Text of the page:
Investigative reporter Bill Dedman of msnbc.com
By Bill Dedman Investigative reporter
msnbc.com
updated 9/23/2008 5:26:11 PM ET 2008-09-23T21:26:11

Beaver County, Pennsylvania. Ohio's Ashtabula County. Winnebago County, Wisconsin.

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These are the counties where the 2008 presidential election may be decided. They're battleground counties in the battleground states. In the 15 states considered up for grabs this election, there are 238 counties where the last presidential election was very close.

New data on contributions to the presidential campaigns indicates that Democratic Sen. Barack Obama is leading the race for campaign cash in those counties. Through August, Obama raised more money in 168 — or 70 percent — of those counties, according to the latest fundraising numbers released this week. The Republican nominee, Sen. John McCain, has raised more money in 69 counties. One county (Traverse, Minn.) showed no donations reported for either candidate. Only in one of the battleground states — Ohio — did McCain win the majority of these tightly contested counties.

You can check out the fundraising in each county in the U.S. We've updated our national map showing the money reported by McCain and Obama. Click for the map. And we're making available the full data files for all the counties, so you can find your own patterns. (See below.)

There's no guarantee that campaign donations are a reliable predictor of voting. But the patterns may indicate a level of enthusiasm among the supporters of each candidate, and in any case they provide tea leaves for political junkies to interpret.

The money tally so far in the battlefield counties:

Other tidbits from the latest campaign finance data, with details below:

  • McCain had already won three of the four weeks in August, in terms of individual donations reported, even before a bounce at the end of the month after he chose his running mate.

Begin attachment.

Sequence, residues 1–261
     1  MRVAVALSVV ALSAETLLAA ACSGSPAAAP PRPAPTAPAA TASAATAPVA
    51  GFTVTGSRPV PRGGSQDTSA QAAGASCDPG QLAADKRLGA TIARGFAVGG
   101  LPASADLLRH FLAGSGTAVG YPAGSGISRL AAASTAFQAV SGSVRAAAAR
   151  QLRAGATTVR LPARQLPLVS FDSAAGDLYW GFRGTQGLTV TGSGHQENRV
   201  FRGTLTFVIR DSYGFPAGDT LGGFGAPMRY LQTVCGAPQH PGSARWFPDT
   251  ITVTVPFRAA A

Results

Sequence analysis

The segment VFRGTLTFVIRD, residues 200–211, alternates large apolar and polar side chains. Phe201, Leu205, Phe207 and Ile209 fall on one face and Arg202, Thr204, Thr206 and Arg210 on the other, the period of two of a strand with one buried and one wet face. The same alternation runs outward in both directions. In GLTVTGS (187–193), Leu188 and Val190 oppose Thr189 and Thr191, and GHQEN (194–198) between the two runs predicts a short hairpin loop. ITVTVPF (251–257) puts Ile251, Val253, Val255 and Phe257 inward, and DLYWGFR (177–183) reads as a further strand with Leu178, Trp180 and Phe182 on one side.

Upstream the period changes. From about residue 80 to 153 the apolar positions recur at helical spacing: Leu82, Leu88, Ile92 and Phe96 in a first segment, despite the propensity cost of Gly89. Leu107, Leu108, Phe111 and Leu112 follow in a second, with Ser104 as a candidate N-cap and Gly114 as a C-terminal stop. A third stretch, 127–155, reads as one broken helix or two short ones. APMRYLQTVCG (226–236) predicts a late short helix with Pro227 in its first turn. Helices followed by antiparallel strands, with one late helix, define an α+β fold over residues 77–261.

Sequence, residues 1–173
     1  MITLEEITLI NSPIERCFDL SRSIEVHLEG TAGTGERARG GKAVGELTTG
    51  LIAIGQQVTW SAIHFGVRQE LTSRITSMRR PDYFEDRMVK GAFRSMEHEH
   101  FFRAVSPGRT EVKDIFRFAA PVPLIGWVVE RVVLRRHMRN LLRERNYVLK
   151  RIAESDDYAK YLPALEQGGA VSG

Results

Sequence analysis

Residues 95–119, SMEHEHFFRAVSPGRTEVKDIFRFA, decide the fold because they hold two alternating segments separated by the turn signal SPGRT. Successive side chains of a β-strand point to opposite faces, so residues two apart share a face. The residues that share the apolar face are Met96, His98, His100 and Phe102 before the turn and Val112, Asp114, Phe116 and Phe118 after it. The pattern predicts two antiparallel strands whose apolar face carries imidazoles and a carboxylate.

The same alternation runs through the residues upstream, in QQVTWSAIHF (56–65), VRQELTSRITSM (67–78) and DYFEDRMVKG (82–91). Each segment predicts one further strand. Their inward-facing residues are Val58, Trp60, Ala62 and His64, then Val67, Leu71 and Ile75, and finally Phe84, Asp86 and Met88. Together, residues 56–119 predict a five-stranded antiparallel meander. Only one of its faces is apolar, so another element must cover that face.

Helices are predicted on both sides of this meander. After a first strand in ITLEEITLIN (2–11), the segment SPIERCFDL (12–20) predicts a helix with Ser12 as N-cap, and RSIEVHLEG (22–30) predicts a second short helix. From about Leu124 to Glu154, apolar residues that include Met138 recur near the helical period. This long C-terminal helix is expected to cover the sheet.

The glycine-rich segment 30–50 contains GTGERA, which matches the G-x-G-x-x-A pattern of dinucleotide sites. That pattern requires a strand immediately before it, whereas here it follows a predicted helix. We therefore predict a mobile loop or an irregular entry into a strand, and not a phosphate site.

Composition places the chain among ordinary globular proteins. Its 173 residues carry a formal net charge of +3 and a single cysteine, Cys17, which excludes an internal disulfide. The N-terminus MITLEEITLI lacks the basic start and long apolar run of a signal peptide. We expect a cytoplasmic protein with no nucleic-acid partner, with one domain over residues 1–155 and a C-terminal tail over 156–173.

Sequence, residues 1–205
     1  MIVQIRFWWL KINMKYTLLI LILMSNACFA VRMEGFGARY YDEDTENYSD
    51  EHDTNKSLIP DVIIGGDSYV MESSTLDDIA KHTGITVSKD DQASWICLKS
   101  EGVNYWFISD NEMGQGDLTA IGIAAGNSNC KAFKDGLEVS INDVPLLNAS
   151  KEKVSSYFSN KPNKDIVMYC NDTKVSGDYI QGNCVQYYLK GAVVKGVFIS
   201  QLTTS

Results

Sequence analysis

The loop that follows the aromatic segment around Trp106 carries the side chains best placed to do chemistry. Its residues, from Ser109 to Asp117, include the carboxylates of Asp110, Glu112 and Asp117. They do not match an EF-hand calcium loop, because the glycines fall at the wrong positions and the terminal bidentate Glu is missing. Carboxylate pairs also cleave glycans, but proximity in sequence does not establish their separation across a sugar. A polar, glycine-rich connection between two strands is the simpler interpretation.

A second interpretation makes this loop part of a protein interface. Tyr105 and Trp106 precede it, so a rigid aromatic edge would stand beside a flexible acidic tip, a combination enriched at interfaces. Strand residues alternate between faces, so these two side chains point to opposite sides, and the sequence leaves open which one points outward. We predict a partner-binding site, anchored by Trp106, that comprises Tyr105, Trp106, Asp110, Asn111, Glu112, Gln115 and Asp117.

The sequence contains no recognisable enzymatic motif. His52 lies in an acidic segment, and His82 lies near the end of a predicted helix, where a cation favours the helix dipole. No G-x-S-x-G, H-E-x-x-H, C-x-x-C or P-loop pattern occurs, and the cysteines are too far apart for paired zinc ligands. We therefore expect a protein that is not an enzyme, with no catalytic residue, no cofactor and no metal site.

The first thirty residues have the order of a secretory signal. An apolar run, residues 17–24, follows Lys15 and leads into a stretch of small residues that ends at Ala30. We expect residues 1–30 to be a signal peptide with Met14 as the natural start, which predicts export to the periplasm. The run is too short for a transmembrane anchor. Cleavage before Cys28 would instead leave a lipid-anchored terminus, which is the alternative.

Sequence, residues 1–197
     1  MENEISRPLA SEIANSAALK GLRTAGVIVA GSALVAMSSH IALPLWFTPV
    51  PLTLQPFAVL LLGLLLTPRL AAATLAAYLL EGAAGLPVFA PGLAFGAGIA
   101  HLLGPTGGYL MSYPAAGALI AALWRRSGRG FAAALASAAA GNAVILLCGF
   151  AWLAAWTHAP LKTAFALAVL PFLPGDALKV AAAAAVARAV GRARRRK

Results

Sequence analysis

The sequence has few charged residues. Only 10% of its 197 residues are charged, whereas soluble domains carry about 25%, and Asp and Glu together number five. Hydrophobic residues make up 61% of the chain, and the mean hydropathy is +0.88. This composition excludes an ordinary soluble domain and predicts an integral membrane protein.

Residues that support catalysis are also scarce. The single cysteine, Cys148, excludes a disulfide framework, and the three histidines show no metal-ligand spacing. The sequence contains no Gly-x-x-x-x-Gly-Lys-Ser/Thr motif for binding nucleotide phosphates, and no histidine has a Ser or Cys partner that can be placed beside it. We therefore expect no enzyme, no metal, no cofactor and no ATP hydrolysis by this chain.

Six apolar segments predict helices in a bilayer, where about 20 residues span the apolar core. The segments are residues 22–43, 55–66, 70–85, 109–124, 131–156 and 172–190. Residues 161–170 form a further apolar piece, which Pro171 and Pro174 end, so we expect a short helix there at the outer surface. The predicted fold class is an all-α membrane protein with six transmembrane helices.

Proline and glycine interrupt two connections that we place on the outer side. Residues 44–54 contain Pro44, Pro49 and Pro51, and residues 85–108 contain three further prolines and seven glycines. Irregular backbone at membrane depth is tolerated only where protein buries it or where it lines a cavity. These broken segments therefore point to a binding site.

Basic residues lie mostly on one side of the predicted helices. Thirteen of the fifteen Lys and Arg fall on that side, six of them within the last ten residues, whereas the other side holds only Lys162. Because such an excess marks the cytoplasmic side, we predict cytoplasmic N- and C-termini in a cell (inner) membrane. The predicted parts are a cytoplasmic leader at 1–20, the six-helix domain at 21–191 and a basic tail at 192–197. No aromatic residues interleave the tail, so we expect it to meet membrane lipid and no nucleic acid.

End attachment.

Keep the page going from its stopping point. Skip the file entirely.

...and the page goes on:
• Only three of the top 25 donating counties in the nation have given more to McCain. Grist for McCain's claim that Obama is the coastal candidate: Obama's dominance in New York City, Los Angeles, Seattle, San Francisco...
  • The most reliable money pots for Obama, where hardly anyone gives money to McCain, start with Prince George's County, Maryland, and Brooklyn, New York.
  • McCain's sure things begin with Vero Beach, Florida, and Jackson, Mississippi. Hardly an Obama donor there.
  • McCain is pitching more shutouts than Obama. In far more counties than McCain, Obama has reported no donations.
  • And although Obama is swamping McCain in the number of small donations...
  • ... it's not unusual for McCain to raise a larger total of money in those same counties.

Methodology: Msnbc.com selected the counties by looking at the 15 states considered up for grabs. Within those states, we selected the counties where the 2004 margin of actual votes separating President Bush and Sen. John Kerry was less than 7 percent. Msnbc.com included all the donations reported by the candidates, including those under $200, which usually are not analyzed. The contributions of a small donor may not be reported until that donor reaches a $200 threshold, at the discretion of the candidates. Because Obama has consistently had more small donors, the totals for counties probably underreport his fundraising by a greater extent than McCain's. Still, msnbc.com's analysis includes every individual donation reported by the candidates. Msnbc.com also looked at the pattern of giving by county, matching the ZIP Codes of donors to counties.

The Palin money bounce -- how long will it last?
Looking at the donations week by week, only in six weeks of the first 36 weeks of the year did McCain bring in more money than Obama. But three of those weeks were the first three weeks of August, before naming Sarah Palin as his running mate.